I first learned to construct nomadic huts with my grandmother in the summer holidays – spent, whether I liked or not, living in Dayniile, near Mogadishu. Being a Mogadishu girl, living in a comfortable villa, I hated it at first so my father sent, as a surprise, a tiny battery-run TV, which transformed our evenings at the nomadic camp.
Although we never planned to live like that, later, as it happened, we became refugees and ended up internally displaced in what would have otherwise seemed like barren landscapes. But thanks to my childhood experiences we were able to construct houses on our own.
We knew where to source the material, get water and even medicinal flora: we made mats of fibre and used dried and shaped acacia roots to serve as pillars. This was before aid arrived and plastic tents invaded the region. Unlike the plastic tents, which are hot during the day and cold at night, the nomadic huts are suited to the arid and hot climate: they are cool during the day and warm during the night, thanks to their natural ventilation system. It is eminently uplifting to construct your home as a way of dealing with loss in the emergency of war.
Along with the ongoing conflict, Somalis also face an environmental emergency thanks to deforestation. People are consuming their future by burning the same acacia trees they need for their homes into charcoal for the international trade. These trees take years to regenerate. Soon, it might be that people won’t have any other option than to wait for plastic tents from Europe.
I feel proud that the nomadic hut is, in its entirety, a result of female ingenuity and collective effort. It is a common practice that women support each other through thick and thin. But making the house is fun. Women sing and recite poems during its construction. A bride-to-be making her marital hut invites female friends and relatives and, as a reward for their hard work, offers food and drinks; but if she fails to do so they will sing about her laziness or, even worse, her stinginess.
One of my favourite objects happens to be the interior mat of the hut, the kebed, an insulating and decorative mat. A mother might help her daughter weave her bridal kebed and she may also weave a secret message to her daughter and her son-in-law through a combination of intricate patterns and colours.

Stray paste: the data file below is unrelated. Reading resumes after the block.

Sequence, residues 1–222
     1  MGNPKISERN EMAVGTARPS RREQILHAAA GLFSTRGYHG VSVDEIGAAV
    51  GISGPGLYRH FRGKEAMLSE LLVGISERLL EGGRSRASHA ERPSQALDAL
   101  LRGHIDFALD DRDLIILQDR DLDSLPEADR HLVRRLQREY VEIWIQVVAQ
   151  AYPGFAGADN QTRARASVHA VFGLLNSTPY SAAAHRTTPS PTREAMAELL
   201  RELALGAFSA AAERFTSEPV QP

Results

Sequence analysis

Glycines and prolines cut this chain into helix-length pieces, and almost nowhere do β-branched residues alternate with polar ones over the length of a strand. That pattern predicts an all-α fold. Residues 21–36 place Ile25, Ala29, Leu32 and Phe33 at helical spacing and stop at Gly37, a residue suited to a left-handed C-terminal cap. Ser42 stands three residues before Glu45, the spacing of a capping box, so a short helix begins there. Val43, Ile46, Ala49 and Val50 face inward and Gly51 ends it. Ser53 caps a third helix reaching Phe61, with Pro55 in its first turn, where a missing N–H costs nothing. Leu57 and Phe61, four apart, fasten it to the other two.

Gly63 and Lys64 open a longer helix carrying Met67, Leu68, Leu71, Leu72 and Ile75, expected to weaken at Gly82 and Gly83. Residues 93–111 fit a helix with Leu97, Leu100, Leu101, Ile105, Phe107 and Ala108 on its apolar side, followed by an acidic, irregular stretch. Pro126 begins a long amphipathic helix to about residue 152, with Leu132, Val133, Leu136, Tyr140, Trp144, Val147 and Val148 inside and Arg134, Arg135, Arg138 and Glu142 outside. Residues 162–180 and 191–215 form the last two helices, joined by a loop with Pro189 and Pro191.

The experience of building huts has helped me appreciate Somali architecture. Through my archaeological work, I have come across all sorts of human dwellings, everything from rock shelters inhabited thousands of years ago, often adorned with the most spectacular paintings, to dry-stone towns on the Somali coast, and to the modern architecture in cities like Hargeisa. Mogadishu features the Shirazi Persian architecture of the Swahili houses and mosques.
However, the ongoing war has caused a lot of destruction. The beautiful Islamic buildings with minarets, arches and domes, including Omani, Egyptian and Ottoman architecture, need protection and preservation. In Berbera, Somaliland, one can still enjoy some beautiful Ottoman architecture. During the European colonial era, impressive structures were erected too. Mogadishu has a cathedral built during Italian times, and hosts a number of art deco houses.
There is what could be called anti-colonial architecture too. My grandmother used to talk about Sayyid Mohammed Abdullah Hassan, the Somali liberation hero of the Daraawiish (Dervish) movement; she used to recite his poetry to my siblings and me. What I didn’t know as a child, though, was that the place she called Taleh, the sheikh’s residence, was a significant maze-like fortress. The colonial British were unable to penetrate it and had to resort to air bombardment.
Somalis seem to be experts in resurrection through time. After decades of peace Hargeisa, in Somaliland, is expanding and its modern architecture is booming. As I write, I am sitting admiring the hotel near my house in the city. It is inspired by the Arabian style of curvy angles and arches and big courtyards. I can’t believe that this beautiful hotel and many more have risen out of the war zone I saw just two decades ago. I also can’t believe that the ambitious owner of the hotel actually converted what was a barren hill into a lovely garden.
Seeing towns like Hargeisa gives me hope for places like Mogadishu which, in times of relative calm, is enjoying new construction and reconstruction projects. What will be the future for Somali architectural heritage? Only time will tell.
Dr. Sada Mire (born 1977) is a Somali archaeologist. She is the only active archaeologist working in Somaliland, a region in northern Somalia where she became the Director of Antiquities in 2007. Originally from the Somali capital of Mogadishu, Mire fled the ountry at the start of the civil war at the age of 14. She then traveled to Sweden seeking asylum. She has since returned to the Horn of Africa as an archaeologist, making some notable discoveries.